Supporting products, also known as accessories, have traditionally been the ugly duckling of design. In the years to come, however, they could take the leading role of a new revolution.

Last week I attended a fashion showroom organized by Simon, a Spanish manufacturer of plugs and switches, to celebrate its 100 years of history. Plugs and switches? Yes, I know that these accessories or “supporting products” are far from the glamour of products such as lamps, bikes or smartphones, which occupy the leading role in design magazines.

But if you haven’t noticed it yet, a revolution is taking place: the design has reached the accessories.

In the world of design there has always been a hierarchy. On the one hand, the main role taken by products in which the designers and marketers focus all their efforts and. On the other hand, those near-invisible and forgotten supporting products without which, however, leading products wouldn’t work.

Examples of this product-accessory binomial are: lamp & cable, computer & charger, radio & earphones, wall & plug.

Forgotten by designers, the accessories have been traditionally ugly and user-unfriendly. We always try to hide them, placing the computer charger behind or under the table, keeping the cable of our headphones inside the jacket, putting a chair in front of the cable. Is it necessary to continue?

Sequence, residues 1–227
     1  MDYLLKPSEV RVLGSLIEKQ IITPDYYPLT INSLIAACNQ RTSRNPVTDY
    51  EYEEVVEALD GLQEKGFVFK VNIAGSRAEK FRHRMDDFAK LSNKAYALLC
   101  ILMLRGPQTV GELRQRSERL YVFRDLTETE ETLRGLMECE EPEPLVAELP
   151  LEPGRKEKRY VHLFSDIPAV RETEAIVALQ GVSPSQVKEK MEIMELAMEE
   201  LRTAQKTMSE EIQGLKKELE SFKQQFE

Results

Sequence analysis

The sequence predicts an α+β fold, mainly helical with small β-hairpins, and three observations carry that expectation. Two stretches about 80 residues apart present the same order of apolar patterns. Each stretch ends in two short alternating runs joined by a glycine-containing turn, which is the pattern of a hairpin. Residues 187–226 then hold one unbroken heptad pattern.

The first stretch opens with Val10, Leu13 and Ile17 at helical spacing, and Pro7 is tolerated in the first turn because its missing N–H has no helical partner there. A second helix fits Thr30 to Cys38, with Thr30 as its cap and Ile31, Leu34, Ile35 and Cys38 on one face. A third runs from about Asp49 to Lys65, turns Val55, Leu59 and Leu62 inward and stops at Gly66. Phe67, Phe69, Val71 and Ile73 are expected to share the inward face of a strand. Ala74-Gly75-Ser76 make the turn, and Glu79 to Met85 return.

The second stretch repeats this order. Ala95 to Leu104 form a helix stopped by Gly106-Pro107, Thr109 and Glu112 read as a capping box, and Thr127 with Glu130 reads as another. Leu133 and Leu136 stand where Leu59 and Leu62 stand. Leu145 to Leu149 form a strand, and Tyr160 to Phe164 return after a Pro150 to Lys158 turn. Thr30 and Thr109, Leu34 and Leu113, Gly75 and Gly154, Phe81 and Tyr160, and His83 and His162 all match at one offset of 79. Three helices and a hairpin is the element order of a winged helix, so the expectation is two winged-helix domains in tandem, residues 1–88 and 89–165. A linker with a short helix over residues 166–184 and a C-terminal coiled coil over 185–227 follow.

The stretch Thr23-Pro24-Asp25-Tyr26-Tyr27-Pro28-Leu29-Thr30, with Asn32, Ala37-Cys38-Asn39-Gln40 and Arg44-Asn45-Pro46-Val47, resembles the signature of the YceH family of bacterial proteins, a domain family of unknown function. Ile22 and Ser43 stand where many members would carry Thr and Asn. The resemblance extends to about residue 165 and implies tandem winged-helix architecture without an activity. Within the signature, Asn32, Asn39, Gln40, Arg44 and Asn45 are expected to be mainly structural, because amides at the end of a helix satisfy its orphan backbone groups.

With their supporting role, accessories are incredible important and ignoring them is a mistake. If accessories are poorly designed, the use of the products can be a frustrating experience. Paying attention to the design of the accessories as well as the leading product is essential to offer a whole great experience.

One of the first companies to take the accessories seriously was Apple, designing an elegant, lightweight, simple and soft to the touch charger. The Apple charger stopped being a necessary nuisance, to become an element that brought beauty to the laptop.

A similar process happened with the headphones. We have gone from the tinyn and uncomfortable headphones of black hard plastic, to the huge and colored headphones that young people proudly wear, despite the big space they take up in their backpacks.

This change has not yet come to the majority of support products, but forward-looking manufacturers have realized that they must apply design if they want to survive and grow. Simon is certainly an excellent example. Just see how they describe their switches: “Light Up Emotions”, “Keep Feeling”, “Welcome to a New World of Emotions”.

Simon is not the first case of design applied to the accessories, but attending their fashion showroom has confirmed me an increasing trend. Other noteworthy examples could be the cables of the lamps of Denoe Design that I could see in the Design Market organized by the Museum of Design of Barcelona in 2015 or the USB wall chargers of KSIX that I found in the Mobile World Congress of 2016.

Let’s be attentive. The next design revolution will be starred by the accessories.

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